Somalia needs more international support during and after the transition process, leaders of the international community agree. Building a domestic security force is a priorty for the country to sustain peace and development
Politicians from Somalia and the international community discussed the post-transition period inSomalia to end decades of unrest in the country.
The second Istanbul Conference onSomalia called for a global reconstruction effort to supportthe ongoing stabilization efforts and proposed a fund mechanism to train Somali police as part of efforts to maintain a secure environment in the conflict-hit country.
“In the face of terrorism, piracy and drought, Somalia needs solidarity. Partners have to step up and do their part,” U.N. Secretary-General Ban Ki-moon said yesterday.
The international community must help Somalia build its own security apparatus, establish rule of law and shed a pervasive culture of impunity, the U.N. secretary-general said, adding that international forces cannot solve Somalia’s security problems in the long term and the fragile country needs its own strong force to do the job. Somaliadoesn’t have a national army and needs military training, Somali President Sheikh Sharif Sheikh Ahmed said. “We need to have a realistic state structure. These things are not easy at all because we are facing major problems, and the terrorists continue with their activities. The clashes from tensions have hindered our efforts during the transition period,” he said.
The conference brought together the U.N., regional organizations and countries involved in the Somali issue, as well as the Transitional Federal Government, Somali civil society and traditional elders, whose aim is to prepare the ground for the post-transition period in Somalia, on political, defensive and economic levels.
After the first day of the conference, when senior officials, experts and businessmen discussed key issues such as water, energy, roads and sustainability, the second day of the conference turned its attention to the political dimension of aid to Somalia.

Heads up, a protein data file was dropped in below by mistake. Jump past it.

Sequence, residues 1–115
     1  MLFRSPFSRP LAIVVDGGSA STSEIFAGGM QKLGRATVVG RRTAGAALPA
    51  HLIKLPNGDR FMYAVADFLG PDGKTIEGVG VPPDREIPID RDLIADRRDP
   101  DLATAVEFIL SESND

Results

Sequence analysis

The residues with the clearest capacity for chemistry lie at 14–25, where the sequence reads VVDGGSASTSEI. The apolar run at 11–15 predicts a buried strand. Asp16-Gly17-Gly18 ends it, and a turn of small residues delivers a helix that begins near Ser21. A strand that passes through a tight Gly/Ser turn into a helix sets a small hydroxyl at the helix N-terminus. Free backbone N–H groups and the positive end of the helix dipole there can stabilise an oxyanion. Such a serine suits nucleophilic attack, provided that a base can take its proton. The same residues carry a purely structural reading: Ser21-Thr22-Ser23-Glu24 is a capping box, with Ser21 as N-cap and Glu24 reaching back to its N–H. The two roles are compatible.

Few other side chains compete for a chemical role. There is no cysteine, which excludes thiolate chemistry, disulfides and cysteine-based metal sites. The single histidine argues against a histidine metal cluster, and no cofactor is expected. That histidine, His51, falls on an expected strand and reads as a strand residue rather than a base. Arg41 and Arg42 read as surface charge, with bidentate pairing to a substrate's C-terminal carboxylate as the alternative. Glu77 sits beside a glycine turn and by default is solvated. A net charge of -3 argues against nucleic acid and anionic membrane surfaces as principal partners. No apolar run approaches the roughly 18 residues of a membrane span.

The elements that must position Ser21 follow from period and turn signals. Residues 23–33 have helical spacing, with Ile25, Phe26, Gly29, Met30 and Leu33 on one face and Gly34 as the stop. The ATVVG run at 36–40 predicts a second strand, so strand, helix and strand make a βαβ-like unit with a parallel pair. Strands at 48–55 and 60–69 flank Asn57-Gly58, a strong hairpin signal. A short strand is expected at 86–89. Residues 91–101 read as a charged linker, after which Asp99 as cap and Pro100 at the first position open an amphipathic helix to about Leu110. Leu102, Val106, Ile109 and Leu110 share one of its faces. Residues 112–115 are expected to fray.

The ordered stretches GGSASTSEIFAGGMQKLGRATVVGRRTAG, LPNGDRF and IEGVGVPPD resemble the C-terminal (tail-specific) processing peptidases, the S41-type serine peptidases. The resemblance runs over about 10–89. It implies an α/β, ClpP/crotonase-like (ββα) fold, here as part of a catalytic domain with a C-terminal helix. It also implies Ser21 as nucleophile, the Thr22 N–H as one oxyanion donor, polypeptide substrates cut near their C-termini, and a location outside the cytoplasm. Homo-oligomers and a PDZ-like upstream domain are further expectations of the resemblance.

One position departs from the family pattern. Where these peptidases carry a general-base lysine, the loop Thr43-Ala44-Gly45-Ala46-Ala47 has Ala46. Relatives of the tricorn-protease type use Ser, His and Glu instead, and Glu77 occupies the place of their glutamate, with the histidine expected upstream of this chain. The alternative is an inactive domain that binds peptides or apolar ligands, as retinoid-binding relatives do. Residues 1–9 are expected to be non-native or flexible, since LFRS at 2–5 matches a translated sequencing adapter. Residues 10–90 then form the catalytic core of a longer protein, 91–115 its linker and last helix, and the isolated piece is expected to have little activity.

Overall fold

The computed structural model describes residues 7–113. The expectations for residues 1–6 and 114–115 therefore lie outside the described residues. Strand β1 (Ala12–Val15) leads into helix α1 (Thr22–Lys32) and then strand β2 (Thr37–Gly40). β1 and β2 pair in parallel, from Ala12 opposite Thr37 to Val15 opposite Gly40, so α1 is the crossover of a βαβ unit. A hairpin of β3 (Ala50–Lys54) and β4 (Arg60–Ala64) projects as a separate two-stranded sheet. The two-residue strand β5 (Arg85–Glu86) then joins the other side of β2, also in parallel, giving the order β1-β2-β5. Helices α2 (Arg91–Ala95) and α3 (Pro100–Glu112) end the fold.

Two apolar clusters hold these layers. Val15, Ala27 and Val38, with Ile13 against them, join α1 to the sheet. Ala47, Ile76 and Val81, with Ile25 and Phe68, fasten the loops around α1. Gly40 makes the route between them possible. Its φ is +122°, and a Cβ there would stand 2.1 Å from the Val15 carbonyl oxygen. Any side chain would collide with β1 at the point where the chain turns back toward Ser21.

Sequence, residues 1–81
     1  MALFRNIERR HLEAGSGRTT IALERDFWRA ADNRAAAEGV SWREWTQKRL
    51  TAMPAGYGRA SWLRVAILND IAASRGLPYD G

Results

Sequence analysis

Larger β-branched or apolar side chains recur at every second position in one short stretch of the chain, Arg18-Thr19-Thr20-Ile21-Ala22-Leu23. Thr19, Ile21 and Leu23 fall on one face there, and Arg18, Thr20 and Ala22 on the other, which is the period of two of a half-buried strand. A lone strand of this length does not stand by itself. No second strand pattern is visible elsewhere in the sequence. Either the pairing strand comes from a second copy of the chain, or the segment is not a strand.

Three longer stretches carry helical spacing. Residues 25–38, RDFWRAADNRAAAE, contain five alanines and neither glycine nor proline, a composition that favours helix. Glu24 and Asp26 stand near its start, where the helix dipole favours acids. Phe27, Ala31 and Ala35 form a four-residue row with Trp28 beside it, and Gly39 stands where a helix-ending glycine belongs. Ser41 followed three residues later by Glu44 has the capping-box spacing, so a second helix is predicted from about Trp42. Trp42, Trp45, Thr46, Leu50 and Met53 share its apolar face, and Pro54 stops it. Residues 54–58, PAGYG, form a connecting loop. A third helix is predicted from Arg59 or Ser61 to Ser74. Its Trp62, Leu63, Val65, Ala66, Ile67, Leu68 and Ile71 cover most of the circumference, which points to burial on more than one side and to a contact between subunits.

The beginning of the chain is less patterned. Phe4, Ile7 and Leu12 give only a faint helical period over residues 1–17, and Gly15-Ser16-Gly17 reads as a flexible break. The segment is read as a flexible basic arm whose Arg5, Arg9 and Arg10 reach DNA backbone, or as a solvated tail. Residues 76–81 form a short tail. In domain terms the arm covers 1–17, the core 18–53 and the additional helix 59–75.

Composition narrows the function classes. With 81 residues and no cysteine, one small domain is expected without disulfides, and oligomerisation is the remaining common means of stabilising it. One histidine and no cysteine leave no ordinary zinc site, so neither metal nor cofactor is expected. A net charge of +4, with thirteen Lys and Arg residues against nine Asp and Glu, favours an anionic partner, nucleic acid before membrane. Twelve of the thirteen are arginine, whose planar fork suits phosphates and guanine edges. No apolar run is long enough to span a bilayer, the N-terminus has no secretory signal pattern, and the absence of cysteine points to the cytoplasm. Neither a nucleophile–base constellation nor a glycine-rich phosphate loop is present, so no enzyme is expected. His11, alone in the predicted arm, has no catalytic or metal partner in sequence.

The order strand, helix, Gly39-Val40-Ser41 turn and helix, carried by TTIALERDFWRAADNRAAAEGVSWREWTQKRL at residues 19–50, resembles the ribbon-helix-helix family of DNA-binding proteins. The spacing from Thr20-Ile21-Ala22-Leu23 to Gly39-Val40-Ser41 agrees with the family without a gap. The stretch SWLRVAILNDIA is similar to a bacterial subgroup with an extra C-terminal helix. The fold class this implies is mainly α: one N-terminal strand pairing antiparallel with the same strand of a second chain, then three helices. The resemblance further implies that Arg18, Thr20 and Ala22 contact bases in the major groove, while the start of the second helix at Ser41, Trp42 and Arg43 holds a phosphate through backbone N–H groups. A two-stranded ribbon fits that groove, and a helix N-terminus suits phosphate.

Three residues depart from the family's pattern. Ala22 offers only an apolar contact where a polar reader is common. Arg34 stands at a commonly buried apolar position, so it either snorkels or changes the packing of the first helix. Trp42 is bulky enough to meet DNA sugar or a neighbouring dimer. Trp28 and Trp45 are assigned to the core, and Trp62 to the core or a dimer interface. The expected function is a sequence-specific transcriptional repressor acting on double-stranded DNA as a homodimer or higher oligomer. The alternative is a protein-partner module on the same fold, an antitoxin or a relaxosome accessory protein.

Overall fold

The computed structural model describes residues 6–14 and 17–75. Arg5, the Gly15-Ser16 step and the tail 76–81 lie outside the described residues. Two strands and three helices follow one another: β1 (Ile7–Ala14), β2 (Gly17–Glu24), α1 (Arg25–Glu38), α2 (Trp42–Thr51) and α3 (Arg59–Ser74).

Representatives from all groups in Somalia, except al-Shabab members, were invited to the meeting, a Turkish official said.
The key issue in facilitating reconstruction of the country is to maintain a secure environment, the official said. “Therefore we proposed establishing a fund mechanism for Somalia to train their police and provide equipment,” he said.
A group of 300 to 350 Somalis, including traditional elders, representatives of the diaspora and civil society, gathered in Istanbul last week and discussed expectations for the future of Somalia, which they then expressed to conference participants yesterday.
Ending the mission of the African Union Mission in Somalia (AMISOM) in Somalia was among those common findings, the official said.
A timetable backed by the United Nations calls for a new constitution and parliament, to be followed by a vote for president and prime minister by Aug. 20. The current administration is battling against time to reclaim control of the territory before it dissolves. At the core of Turkey’s Somali policy is ensuring simultaneous and parallel conduct of political, economic, security, reconstruction, development, education and humanitarian actions, Turkish Foreign Minister Ahmet Davutoğlu said yesterday. He said coordination was important for success in the process.
Peace and stability in Somalia can only be established through a state structure, which would provide a secure environment and basic public services to the Somali people, he said.